The Vatican is disturbed by reports from mainland China that government officials are forcing bishops to attend an illicit episcopal ordination.
"If these reports are true, then the Holy See would consider such actions as grave violations of freedom of religion and freedom of conscience," said a Nov. 18 statement from Jesuit Father Federico Lombardi, Vatican spokesman.
"It would also consider such an ordination as illicit and damaging to the constructive relations that have been developing in recent times between the People's Republic of China and the Holy See," the statement said.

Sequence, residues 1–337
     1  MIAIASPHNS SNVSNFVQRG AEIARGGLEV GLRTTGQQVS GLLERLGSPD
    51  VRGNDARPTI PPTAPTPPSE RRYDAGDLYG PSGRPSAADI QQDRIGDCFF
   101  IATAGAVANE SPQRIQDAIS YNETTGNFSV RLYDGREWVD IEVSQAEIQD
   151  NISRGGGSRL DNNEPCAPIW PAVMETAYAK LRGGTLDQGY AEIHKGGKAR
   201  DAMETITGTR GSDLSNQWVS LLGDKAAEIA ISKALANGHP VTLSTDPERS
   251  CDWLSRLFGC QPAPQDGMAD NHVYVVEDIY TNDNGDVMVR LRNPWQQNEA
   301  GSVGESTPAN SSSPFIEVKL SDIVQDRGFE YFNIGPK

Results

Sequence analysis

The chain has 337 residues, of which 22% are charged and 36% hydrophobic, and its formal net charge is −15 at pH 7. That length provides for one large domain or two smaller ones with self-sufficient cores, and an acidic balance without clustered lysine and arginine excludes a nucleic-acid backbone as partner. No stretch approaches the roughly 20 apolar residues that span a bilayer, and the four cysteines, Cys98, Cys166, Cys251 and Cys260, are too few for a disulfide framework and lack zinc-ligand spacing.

Lombardi confirmed that Father Joseph Guo Jincai, ordained bishop of Chengde Nov. 20, did not have the approval of Pope Benedict to be ordained a bishop.
More than 100 Catholics and dozens of government officials attended the ordination Mass at the church in the rural town of Pingquan. About 100 uniformed and plainclothes police surrounded the village. Cameras were banned in the church, and mobile phone signals were blocked in the area.
In recent years, a Chinese diocese's priests, nuns and laypeople have elected their new bishop, and most of those elected have applied to the Holy See for approval.
If such approval was given, it often was announced at the episcopal ordination.
China requires that the bishops be approved by the government-sanctioned Bishops' Conference of the Catholic Church in China, which the Vatican does not recognize.